Unlike other commentators of action research strategies, Reason lays out the inherent weaknesses of the models he describes (Reason, 2000: 335). Co-operative inquiry is a psychological endeavor that sacrifices external political parameters for the microprocesses of small group behavior. Participatory action research romanticizes democratization and “…ignore(s) the ways in which all groups may be destructive and distort their experience”. Action inquiry may be seen as elitist as its drive is to encourage an ego-evolution of the stereotypical vision of Western individualism.
Reason suggests their strengths. Participatory action research is best on groups that are disenfranchised. Co-operative inquiry is best when groups are already empowered and are motivated for change. Action inquiry is best when an individual is seeking to cultivate participative modes of inquiry within a group.
Action research is a drive for emancipation of the people more than it is a scientific endeavor. The main focus is not to provide the researcher with an innovate technique for working data. It is a model meant to inspire individuals into collaborative, autonomous problem solvers who work in teams.
This type of research is not meant to replace traditional social science methodologies. There are numerous events that require the paradigm of mathematical rigor and nonbiased data collection. For instance, to test the efficacy of a drug, one would still utilize placebos, random samples, and double-blind testing methods. Clearly, there are many situations that call for traditional methods.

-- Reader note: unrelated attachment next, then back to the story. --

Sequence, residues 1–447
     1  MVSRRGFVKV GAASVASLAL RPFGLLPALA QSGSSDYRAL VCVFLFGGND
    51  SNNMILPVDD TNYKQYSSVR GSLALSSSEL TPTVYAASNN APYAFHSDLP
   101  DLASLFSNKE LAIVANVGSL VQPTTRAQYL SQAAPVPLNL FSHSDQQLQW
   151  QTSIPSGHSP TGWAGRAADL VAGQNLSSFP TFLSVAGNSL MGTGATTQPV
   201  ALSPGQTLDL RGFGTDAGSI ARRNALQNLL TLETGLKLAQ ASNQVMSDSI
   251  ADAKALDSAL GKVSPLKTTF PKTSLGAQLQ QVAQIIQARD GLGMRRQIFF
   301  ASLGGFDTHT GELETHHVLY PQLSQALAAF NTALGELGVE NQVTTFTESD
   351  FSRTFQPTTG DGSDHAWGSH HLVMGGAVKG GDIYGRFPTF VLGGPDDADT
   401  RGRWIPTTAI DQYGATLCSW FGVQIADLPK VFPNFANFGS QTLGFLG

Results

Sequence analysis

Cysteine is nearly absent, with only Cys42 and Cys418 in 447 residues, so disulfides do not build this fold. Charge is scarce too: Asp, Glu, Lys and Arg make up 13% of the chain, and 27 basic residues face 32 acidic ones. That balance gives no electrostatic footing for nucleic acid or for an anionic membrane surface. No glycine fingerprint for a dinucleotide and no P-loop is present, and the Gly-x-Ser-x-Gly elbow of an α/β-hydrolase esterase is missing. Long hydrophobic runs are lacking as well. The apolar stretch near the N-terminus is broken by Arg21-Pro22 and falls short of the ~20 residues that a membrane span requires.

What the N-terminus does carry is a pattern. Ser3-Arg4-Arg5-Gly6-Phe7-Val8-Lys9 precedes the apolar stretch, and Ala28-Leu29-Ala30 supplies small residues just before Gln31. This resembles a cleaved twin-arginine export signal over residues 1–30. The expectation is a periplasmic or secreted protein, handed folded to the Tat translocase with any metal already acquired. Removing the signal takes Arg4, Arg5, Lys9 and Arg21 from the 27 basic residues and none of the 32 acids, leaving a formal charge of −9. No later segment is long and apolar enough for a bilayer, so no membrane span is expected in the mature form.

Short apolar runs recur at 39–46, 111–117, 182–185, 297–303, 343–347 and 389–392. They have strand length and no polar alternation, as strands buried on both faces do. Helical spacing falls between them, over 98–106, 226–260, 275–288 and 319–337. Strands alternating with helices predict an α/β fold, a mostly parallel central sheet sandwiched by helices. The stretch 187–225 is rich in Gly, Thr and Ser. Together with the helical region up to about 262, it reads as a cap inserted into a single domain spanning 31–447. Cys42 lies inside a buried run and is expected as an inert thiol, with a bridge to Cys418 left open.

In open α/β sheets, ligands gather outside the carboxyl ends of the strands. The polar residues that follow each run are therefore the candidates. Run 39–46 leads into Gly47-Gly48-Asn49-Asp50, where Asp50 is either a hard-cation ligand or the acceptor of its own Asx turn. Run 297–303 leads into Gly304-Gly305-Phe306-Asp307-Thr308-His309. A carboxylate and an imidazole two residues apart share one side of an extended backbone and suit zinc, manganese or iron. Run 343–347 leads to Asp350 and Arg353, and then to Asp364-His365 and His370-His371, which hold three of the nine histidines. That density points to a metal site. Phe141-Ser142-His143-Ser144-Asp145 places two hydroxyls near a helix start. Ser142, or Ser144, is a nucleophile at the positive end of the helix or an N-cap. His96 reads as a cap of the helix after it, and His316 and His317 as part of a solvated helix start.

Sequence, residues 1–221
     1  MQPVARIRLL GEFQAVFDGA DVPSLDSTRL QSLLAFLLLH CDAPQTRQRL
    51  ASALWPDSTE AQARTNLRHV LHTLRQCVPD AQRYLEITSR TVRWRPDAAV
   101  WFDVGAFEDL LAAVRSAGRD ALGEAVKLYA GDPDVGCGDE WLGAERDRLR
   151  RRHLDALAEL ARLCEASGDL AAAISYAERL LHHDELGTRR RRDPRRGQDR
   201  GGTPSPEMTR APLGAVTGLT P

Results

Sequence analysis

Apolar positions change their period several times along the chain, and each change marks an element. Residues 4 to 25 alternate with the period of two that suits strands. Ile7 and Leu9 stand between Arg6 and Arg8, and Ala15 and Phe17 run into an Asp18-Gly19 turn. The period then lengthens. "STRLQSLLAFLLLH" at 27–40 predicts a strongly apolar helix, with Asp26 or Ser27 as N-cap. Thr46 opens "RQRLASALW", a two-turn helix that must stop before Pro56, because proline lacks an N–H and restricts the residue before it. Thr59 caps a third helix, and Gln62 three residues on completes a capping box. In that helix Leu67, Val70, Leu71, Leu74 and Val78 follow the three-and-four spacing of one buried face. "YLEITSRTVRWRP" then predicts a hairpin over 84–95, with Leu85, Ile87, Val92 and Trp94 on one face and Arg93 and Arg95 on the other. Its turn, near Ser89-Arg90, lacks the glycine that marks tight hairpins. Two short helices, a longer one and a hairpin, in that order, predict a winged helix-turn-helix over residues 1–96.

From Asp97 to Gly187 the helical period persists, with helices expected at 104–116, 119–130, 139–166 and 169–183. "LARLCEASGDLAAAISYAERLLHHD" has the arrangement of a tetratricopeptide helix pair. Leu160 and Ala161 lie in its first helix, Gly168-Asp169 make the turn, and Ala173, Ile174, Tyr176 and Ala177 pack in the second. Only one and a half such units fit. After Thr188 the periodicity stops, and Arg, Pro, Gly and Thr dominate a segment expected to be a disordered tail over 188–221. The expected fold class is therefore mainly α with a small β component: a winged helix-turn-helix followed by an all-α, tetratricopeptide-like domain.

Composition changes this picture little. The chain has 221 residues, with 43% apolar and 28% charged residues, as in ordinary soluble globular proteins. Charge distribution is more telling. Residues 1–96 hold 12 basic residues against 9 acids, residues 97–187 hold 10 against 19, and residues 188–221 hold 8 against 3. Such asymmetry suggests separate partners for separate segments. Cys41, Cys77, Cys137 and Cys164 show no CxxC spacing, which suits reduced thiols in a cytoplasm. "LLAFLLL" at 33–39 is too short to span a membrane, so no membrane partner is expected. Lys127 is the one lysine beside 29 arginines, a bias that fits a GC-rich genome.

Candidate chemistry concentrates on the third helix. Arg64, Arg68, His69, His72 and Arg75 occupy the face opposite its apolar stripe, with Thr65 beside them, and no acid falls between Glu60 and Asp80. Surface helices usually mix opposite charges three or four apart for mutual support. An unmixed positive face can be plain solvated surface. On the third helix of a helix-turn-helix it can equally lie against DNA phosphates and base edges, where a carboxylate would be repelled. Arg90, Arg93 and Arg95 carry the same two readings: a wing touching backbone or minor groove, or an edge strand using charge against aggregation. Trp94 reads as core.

Participatory research exists to motivate community members to solve their own problems and is a different, yet equally valid, paradigm within research. Action research can act as an underlying force that propels a community to identify problems, collect information, develop solutions, and implement the solutions. It can turn passive citizens into initiators of and partakers in change.
More important, action research ties in perfectly with democratic principles. Inclusion, shared decision-making, autonomy, discovery, a belief in public forum, and all other requirements for a healthy democracy are essential components of the action research models presented here. In fact, Lewin reported that democratic groups give rise to peaceful members (Smith, 2001), making it especially advantageous to traditional research models.
Heron, J. (1993)
Co-operative inquiry and the primacy of the practical; Adapted from Chapter 2,
Newman, J. (2000) Action Research: A Brief Overview; Forum: Qualitative Social Research; [Online Journal] Available at: http://qualitative-research.net/fqs-texte/1-00/1-00newman-e.htm (Accessed March 1st, 2004).
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Smith, M. (2001) Chris Argyris: Theories of Action, Double-Loop Learning and Organizational Learning; The Encyclopedia of Informal Education; Available Online: http://www.infed.org/thinkers/argyris.htm (Accessed March 10th, 2004).
Smith, M. (2001) Kurt Lewin: Groups, Experiential Learning and Action Research; The Encyclopedia of Informal Education; Available Online: http://www.infed.org/thinkers/et-lewin.htm (Accessed March 10th, 2004).